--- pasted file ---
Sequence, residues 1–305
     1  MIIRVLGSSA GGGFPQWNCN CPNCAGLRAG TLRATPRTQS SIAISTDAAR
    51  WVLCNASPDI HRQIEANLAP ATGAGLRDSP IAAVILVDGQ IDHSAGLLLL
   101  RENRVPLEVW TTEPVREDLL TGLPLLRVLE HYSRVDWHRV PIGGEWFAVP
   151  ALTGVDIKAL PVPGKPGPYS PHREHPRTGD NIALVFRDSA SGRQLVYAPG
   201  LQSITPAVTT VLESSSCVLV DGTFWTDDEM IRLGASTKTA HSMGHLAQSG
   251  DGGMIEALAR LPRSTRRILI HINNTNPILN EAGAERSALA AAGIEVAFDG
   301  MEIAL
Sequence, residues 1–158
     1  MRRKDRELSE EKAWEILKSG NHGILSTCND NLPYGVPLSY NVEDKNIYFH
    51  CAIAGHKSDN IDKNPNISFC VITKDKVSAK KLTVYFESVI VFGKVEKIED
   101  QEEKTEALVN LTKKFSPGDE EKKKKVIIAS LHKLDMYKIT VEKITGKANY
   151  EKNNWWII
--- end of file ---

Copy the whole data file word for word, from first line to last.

Sequence, residues 1–305
     1  MIIRVLGSSA GGGFPQWNCN CPNCAGLRAG TLRATPRTQS SIAISTDAAR
    51  WVLCNASPDI HRQIEANLAP ATGAGLRDSP IAAVILVDGQ IDHSAGLLLL
   101  RENRVPLEVW TTEPVREDLL TGLPLLRVLE HYSRVDWHRV PIGGEWFAVP
   151  ALTGVDIKAL PVPGKPGPYS PHREHPRTGD NIALVFRDSA SGRQLVYAPG
   201  LQSITPAVTT VLESSSCVLV DGTFWTDDEM IRLGASTKTA HSMGHLAQSG
   251  DGGMIEALAR LPRSTRRILI HINNTNPILN EAGAERSALA AAGIEVAFDG
   301  MEIAL
Sequence, residues 1–158
     1  MRRKDRELSE EKAWEILKSG NHGILSTCND NLPYGVPLSY NVEDKNIYFH
    51  CAIAGHKSDN IDKNPNISFC VITKDKVSAK KLTVYFESVI VFGKVEKIED
   101  QEEKTEALVN LTKKFSPGDE EKKKKVIIAS LHKLDMYKIT VEKITGKANY
   151  EKNNWWII